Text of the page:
I keep forcing my friends to read this AMAZING poetry book! The poems in this book are stripped of all pomp, frill, and unnecessary imagery, and focus, instead, on breaking down stereotypes of what it means to be Native American in modern, sociological landscapes. Pico delivers his message in down-to-earth, colloquial language, making his poetry incredibly accessible to younger generations. [Christina]
A heartbreaking, yet gentle novel about self-discovery and resilience. [Stacy]
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Bob-Waksberg looks at romance from all angles in a wonderfully absurd way. At the core they are love stories but they are also about doors to other dimensions where your teeth fall out, gene splicing dead presidents, and deciding how many goats to sacrifice at your wedding. [Karen]
This little beauty is a wonderful traveling companion! In it, D’Ors advocates for more meditation and silence in our daily lives, especially in light of our increasingly busy-busy lives. Overall, this book is a delightful combination of Zen Buddhism and Christian principles, and the chapters are short and non-preachy. Pass the book on when you’re done! [Christina]
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A positively fascinating book about humankind’s most nefarious killer. The mosquito has shaped history, culture, and population unlike any other creature that has ever existed. We are powerless against the mosquito and her determination to survive at the expense of almost all living things. [Stacy]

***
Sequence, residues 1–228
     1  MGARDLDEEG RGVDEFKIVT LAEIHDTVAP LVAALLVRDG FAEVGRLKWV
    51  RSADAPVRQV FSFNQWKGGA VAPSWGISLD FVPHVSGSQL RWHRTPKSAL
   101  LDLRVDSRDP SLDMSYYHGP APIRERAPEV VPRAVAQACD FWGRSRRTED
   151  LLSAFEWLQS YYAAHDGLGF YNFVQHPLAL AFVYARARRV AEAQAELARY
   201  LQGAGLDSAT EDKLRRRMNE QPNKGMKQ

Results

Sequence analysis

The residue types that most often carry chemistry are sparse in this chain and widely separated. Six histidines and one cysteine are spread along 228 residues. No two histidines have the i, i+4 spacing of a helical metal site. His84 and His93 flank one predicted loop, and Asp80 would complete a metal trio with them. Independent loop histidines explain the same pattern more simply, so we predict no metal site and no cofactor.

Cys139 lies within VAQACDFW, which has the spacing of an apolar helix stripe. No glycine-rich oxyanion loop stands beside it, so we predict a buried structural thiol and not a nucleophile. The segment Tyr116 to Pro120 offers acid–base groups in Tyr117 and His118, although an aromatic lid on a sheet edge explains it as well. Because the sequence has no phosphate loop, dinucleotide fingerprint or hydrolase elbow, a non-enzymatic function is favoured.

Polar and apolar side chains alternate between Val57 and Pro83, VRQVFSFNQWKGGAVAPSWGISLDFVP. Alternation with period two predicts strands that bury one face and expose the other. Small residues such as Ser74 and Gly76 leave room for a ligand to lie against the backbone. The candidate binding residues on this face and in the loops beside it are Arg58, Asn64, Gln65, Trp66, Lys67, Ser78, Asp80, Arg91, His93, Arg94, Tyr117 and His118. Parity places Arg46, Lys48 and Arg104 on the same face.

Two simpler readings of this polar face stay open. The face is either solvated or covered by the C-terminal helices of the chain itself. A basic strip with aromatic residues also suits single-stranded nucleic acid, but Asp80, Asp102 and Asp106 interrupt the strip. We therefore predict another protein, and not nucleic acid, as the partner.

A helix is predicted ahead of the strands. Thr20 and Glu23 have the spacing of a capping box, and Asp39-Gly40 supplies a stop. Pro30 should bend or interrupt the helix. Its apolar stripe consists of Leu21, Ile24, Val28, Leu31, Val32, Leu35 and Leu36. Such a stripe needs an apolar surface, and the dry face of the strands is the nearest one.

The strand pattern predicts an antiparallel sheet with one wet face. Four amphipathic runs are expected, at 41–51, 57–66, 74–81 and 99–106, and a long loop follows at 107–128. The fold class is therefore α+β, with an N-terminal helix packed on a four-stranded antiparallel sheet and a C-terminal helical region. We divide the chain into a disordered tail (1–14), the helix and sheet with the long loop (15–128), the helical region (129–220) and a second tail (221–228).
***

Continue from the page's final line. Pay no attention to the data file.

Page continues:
Seering, lyrical, riveting. This is everything I could want in a collection of poems. [Karen]
When I picked up this graphic novel, I didn’t expect to get pulled into the dystopian story so quickly or deeply! The narrative centers around humanity’s relationship to technology and how we’re flirting with giving up autonomy for the sake of connectivity and “progress.” The nihilist in you will delight at the unexpected plot turns, and the artist in you will be giddy with the overabundance of exceptional artwork. [Christina]
OMG, the cutest book!! Tiny wants to hug his bestie, but feels like he’s too small to offer a really good hug. After practicing hugging on random objects, including a cactus (ouch!), he decides to offer what he can to his friend. As it turns out, intent and friendship are more important than ability. [Stacy]
A touching queer coming of age story. Pen goes through a lot as she learns about who she is, what she stands for and what she’s willing to fight for. Also Johnny is the best big brother in any YA novel ever. [Karen]